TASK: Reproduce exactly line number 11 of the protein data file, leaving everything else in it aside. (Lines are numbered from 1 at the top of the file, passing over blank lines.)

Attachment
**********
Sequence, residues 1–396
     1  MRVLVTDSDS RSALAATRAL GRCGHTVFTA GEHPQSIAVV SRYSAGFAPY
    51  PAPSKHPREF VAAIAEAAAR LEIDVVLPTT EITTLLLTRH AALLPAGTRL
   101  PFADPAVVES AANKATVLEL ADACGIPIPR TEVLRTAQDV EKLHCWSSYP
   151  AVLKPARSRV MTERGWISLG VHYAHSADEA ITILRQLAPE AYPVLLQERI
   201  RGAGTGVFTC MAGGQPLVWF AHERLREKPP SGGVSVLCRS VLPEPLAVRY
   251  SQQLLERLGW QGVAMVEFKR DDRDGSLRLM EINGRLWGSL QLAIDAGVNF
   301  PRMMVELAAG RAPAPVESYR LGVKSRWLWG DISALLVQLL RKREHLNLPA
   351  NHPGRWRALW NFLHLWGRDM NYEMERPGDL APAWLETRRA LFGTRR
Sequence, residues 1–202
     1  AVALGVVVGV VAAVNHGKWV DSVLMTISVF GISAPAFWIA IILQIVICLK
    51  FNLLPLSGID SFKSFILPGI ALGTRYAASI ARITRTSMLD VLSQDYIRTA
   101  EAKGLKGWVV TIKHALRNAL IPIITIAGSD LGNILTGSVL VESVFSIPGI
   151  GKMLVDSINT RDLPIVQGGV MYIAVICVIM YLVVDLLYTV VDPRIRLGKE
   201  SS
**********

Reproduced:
     1  AVALGVVVGV VAAVNHGKWV DSVLMTISVF GISAPAFWIA IILQIVICLK